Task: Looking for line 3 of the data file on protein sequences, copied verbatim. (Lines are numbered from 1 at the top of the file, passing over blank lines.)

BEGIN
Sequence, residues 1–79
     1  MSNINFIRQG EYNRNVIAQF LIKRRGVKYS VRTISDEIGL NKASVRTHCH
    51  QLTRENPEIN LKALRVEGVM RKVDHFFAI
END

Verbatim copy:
    51  QLTRENPEIN LKALRVEGVM RKVDHFFAI